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20 Questions

Or three anyway.  All three of these questions came up in the comments today and they were so good I wanted to post them on the main page.  I'll give my thoughts and you can add.
The first question came from Jorga:

I kept seeing guys (Zach in particular) get caught in a double team in a corner.  How does that happen and what can they do when it occurs?

One of the Blazers' main plays involves Zach posting up with his back to the basket about 10-12 feet out on the right hand side of the court.  The guard makes an entry pass and then it's up to Zach to decide what to do.  The play gives him a lot of options.  He can spin down the baseline and try for a layup.  He can spin to the middle and go for a floater across the lane.  He can turn around, step back, and take a jumper. Or if double-teamed he can pass it back out for a re-post pass (or the guards can swing it around to the weak side for an open three in the opposite corner).  With Zach being so multi-talented it becomes a very powerful position.

Here's the thing, though:  In order to make the play work right Zach really has to dig in and fight for that low post position.  If he lets the defender push him out to 15-17 feet away instead of 10-12 feet things start going wrong.  First the guard has a much harder time making the entry pass because there's no angle.  (He and Zach are basically in a straight vertical line from the baseline and the guard has to loop the ball over his defender to get it in.)  This takes more time and allows the defense to prepare.  Then when Zach gets the ball he's much closer to the sideline, which acts like another defender and limits his mobility.  He can still make the same moves if no double team comes but starting farther from the basket makes a jumper harder, and even if he beats his man off the dribble from that far away it's a sure bet somebody else will have time to cut him off.  The situation that you're pointing out--the double team--is probably the worst of all.  He can't drive through or around a double team so his only two options are to step back and shoot over it or to pass the ball.  Stepping out far enough to get a shot up over two defenders when he's already that far away puts Zach in three-point territory or out of bounds.  So he usually opts to pass out.  But just like there was no angle in for the pass, there's no angle out either.  Since he'd have to get the ball past the double team plus whoever is defending the guard that passed it in to him, that pass is simply unavailable.  So what he usually does is leap up in the air and try to throw it over the hands of the double-teaming players clear across to the other side of the court.  The pass is long and slow, and that kind of pass never works in the NBA.  This is where you see his passes get intercepted, often for a fast break.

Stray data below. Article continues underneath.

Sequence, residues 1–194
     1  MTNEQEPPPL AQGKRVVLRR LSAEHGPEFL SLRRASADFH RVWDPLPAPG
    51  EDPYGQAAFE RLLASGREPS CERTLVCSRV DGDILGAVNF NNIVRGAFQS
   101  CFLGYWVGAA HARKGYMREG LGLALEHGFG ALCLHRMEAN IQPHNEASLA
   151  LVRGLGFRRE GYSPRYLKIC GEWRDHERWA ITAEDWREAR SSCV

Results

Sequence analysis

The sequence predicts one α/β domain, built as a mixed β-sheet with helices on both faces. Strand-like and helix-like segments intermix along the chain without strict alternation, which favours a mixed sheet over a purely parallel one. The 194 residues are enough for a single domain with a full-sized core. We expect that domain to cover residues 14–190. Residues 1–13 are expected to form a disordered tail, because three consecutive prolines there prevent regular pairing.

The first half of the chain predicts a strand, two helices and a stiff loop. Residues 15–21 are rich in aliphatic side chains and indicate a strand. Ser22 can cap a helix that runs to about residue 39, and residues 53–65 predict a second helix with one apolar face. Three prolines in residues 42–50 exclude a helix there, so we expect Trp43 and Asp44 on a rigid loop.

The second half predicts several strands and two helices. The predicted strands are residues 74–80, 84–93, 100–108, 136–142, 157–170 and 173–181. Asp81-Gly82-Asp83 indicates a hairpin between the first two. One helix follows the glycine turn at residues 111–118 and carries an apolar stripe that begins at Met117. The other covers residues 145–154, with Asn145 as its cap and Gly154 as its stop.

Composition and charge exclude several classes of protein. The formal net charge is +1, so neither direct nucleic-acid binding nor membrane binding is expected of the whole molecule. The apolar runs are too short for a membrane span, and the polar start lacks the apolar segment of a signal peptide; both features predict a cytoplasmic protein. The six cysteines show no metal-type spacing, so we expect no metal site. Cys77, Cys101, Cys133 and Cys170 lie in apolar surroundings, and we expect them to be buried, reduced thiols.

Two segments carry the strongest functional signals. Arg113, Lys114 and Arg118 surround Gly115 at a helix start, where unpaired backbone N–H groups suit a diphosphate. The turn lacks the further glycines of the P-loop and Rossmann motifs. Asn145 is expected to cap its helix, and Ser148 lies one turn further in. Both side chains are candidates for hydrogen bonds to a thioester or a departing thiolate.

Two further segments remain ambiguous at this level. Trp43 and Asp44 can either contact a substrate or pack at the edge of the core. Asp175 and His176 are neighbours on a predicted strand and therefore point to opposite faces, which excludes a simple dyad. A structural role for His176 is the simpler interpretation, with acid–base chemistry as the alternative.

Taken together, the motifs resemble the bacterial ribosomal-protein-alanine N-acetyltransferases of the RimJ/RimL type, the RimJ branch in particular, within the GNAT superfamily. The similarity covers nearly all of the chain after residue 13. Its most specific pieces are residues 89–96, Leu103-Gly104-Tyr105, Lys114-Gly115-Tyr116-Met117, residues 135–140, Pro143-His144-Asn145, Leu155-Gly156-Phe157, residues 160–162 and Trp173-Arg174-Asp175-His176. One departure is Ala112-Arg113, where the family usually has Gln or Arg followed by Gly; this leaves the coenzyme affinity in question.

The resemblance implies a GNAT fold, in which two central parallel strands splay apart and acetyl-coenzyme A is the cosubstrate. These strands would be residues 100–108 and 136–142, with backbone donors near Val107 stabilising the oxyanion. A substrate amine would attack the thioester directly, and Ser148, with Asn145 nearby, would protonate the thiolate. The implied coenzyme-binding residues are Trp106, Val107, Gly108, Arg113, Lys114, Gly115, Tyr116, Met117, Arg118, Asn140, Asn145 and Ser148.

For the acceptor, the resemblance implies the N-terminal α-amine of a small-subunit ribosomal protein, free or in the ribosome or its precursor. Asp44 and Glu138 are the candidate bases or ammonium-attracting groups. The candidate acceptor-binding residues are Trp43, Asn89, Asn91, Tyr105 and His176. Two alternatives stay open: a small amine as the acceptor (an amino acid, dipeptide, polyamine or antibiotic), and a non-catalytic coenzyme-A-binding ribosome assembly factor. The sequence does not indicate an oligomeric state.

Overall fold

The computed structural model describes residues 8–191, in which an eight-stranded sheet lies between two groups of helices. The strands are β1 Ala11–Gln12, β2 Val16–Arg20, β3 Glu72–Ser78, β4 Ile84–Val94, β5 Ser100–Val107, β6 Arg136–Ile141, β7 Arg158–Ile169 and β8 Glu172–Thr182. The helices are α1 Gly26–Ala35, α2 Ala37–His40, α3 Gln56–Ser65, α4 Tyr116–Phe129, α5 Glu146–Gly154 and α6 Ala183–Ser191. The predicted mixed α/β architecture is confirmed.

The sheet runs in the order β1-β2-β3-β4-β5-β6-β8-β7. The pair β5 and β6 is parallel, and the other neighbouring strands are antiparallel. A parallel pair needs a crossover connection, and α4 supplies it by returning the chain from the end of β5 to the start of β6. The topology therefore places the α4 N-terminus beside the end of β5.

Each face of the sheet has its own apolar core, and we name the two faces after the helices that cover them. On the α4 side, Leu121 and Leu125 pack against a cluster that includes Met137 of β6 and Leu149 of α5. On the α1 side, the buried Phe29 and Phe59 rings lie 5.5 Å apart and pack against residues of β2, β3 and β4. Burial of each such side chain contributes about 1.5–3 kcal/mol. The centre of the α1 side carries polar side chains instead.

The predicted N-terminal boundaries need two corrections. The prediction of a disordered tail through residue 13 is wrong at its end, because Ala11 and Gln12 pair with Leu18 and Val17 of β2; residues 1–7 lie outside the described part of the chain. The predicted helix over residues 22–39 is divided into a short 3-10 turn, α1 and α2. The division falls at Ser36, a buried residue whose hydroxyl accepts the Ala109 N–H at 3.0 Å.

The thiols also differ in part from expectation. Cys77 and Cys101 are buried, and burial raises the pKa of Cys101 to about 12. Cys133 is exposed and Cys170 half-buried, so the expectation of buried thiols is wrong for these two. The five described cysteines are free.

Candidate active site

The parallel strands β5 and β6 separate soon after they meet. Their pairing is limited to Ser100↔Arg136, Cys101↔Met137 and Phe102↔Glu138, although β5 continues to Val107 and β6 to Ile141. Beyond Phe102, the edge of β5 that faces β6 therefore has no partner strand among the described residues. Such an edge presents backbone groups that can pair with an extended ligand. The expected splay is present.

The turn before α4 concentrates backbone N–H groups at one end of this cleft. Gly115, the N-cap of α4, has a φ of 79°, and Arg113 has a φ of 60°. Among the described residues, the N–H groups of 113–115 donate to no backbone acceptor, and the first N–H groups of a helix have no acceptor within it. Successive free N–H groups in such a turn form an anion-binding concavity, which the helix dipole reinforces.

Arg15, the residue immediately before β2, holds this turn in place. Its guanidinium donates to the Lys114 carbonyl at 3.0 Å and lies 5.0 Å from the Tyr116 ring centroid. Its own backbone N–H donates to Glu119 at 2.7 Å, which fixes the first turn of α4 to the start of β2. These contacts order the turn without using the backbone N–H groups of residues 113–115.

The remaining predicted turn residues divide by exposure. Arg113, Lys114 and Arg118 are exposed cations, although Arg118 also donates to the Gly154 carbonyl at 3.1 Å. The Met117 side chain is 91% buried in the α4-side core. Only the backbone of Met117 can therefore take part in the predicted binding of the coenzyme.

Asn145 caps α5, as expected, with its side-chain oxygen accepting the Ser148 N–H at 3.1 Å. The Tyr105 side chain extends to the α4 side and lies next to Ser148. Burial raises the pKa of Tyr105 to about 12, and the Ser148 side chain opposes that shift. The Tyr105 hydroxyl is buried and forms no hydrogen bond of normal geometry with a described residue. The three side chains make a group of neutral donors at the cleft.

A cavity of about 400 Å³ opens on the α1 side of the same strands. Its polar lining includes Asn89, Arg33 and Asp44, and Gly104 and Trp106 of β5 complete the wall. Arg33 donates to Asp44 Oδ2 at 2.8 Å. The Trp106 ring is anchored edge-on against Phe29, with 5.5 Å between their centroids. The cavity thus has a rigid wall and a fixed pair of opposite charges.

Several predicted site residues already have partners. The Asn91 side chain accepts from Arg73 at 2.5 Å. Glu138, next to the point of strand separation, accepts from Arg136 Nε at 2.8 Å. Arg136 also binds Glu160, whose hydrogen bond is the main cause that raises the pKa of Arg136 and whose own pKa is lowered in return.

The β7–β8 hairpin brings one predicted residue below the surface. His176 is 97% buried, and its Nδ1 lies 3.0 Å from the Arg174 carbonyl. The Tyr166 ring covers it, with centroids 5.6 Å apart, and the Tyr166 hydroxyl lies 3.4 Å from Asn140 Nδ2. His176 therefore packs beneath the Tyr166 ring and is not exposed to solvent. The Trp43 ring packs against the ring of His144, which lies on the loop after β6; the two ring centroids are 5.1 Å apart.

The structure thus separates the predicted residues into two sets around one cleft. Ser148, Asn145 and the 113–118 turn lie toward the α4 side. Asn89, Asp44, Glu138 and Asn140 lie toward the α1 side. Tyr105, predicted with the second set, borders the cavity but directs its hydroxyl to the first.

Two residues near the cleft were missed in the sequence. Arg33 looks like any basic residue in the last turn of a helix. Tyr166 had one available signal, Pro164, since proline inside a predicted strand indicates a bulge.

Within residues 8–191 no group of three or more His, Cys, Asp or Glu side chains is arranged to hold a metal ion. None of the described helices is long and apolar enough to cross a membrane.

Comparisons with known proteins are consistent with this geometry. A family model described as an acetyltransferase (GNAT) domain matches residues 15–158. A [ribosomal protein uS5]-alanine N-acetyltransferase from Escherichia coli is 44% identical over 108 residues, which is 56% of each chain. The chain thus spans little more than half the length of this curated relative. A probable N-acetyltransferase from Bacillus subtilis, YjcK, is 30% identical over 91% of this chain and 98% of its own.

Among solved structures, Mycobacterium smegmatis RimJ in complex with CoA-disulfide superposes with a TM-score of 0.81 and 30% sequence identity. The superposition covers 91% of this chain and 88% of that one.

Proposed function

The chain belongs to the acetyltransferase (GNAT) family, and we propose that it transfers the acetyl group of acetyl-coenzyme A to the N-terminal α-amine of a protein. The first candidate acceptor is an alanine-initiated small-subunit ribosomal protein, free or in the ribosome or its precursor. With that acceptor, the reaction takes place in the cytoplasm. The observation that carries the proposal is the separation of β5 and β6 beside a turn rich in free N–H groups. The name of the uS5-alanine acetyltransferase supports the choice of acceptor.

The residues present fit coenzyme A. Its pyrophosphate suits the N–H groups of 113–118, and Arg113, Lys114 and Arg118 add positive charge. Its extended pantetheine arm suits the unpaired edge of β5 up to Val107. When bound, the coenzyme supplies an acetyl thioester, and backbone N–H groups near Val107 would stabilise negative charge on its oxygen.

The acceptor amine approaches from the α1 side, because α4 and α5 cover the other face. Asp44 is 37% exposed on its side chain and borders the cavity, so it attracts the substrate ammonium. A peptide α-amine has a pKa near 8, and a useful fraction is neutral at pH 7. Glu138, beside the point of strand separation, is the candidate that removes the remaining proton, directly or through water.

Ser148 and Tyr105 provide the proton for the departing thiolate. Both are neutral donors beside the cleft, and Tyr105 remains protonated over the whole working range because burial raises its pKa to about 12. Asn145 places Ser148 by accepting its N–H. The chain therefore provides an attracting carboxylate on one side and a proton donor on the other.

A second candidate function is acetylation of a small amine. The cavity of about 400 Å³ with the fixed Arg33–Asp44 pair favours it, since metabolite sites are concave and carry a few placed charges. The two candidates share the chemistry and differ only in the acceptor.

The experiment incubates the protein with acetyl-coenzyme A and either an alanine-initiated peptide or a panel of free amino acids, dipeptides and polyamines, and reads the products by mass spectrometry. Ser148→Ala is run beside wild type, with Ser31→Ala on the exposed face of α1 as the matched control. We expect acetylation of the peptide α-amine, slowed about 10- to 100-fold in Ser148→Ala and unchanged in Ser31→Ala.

How can this be prevented?  Zach has to fight a lot harder and not get pushed out to the perimeter.

This kind of thing, by the way, is exactly what coaches and broadcasters mean when they talk about "spacing".  A play can be excellent or downright ruined depending on whether the players are where they're supposed to be or five feet away from that spot.

The second question also came from Jorga:

Our broadcasters commented in the first quarter that we weren't running set plays and I got the impression that this was the plan.  Is this what happens when we have a set starting lineup and they are used to each other?  We got to run a little and it seemed to be effective.  Will we see more of this as the season progresses?

We had a game a while back where Nate let the reins loose a little bit in the halfcourt offense.  I forget which game it was but I mentioned it in the recap.  He let the players call for their own screens and make more of their own decisions.  The offense flowed more freely and the players looked more comfortable, so it's been around in one form or another ever since.  The advantages are everybody being able to play naturally and the young guys not having to remember or think about quite so many things.  The biggest disadvantage is that the plays only involve two or three people at most, which leaves guys (usually the forwards like Martell and Travis) sitting on the weak side of the court doing nothing.  That takes their energy out of the game and also makes everybody easier to defend.  Of course you're also depending on the players communicating and reading the situation right, which sometimes happens and sometimes doesn't.  You can always tell we're running more free-form when you see guys impatiently pointing for the screen, or when you see a guy set a pick on one side of a player, then have to turn around and set another one on his other side.